So, we have a new Poet Laureate in Britain. It's an odd role. You're supposed to be the official poetic voice of the nation. Traditionally the job description includes poets for state occasions like royal weddings and coronations. More traditionally, the job is usually held by a straight white male.
When Ted Hughes - who held the post for a few years and incidentally, was the-crappest speaker and performance poet I have ever seen - died, there were a lot of problems filling the post. Any poet who was any good, (e.g. Seamus Heaney, Carol Ann Duffy) wouldn't touch it because of the restrictions on their style. In the end it went to Andrew Motion, a poet who is willing to write to order but, frankly, writes verse that provides a perfect opportunity to use the word anodyne. He was commissioned to write a poem which would then be printed on the side of one of Sheffield universities. As my friend Graeme put it "I resent the time that stopping to read it took out of my life." Now, however, he (Motion, not Graeme) has thrown in the slightly limp towel and resigned from the post. The new PL is... Carol Ann Duffy. Apparently The Establishment decided that giving the Poet Laureate more freedom would result in.... better poems, and removed the 'obligatory fawning poem about the baby prince's first spit-up' clause. Duffy, after being approached again with the more relaxed terms of employment, took the post on the advice of her 13 year old daughter, who pointed out that she would be the first woman to hold the post.
And that's what the headlines are saying. First Woman Poet, First Northern Poet, First Scottish Poet (Techincally she IS Glaswegian, but is more obviously a Manchester poet than anything else). But so far only the international and gay press have stated what is, to me, the biggest milestone: Carol Ann Duffy is openly gay. Woman's Hour on Radio 4 interviewed the poet, about her perspective as a woman writer, with an emphasis on motherhood. Duffy mentioned winning a women's poetry contest in the 80s and being shocked to hear herself referred to as a "poetess". The weird quaintness of this word does imply the idea of a sweet amateur writing rhymes about buttercups, kittens and unrequited love. I can see why she doesn't like it. But is the wholesale avoidance by the British press of the words 'gay' and 'lesbian' an attempt to encourage the public to see her as 'just a poet' (in which case why on all the focus on her gender and nationality)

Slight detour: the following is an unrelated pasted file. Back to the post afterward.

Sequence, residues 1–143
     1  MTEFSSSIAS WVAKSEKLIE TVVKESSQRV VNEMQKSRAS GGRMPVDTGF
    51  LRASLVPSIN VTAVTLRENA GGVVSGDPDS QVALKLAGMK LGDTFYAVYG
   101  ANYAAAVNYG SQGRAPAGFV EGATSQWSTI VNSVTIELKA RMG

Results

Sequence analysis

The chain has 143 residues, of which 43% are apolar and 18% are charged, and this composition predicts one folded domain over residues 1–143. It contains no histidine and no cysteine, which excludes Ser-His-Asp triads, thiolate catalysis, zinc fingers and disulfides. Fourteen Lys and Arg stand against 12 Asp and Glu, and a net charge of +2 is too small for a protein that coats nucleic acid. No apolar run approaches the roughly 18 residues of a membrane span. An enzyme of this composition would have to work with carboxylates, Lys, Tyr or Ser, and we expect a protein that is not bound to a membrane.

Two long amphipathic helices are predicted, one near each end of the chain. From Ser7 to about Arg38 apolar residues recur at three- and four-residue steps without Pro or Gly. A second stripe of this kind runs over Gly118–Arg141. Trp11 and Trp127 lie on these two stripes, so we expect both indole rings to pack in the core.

Or do they just not want to frighten the horses?
Some of Duffy's most famous works deal with sexuality. Warming Her Pearls, The Laughter of Stafford Girls High, From Mrs Tiresias... All received huge acclaim and are full of female, lesbian sensuality. In her new role, will she be forced to write 'straight'?
And if she doesn't, will everyone just pretend it's not happening?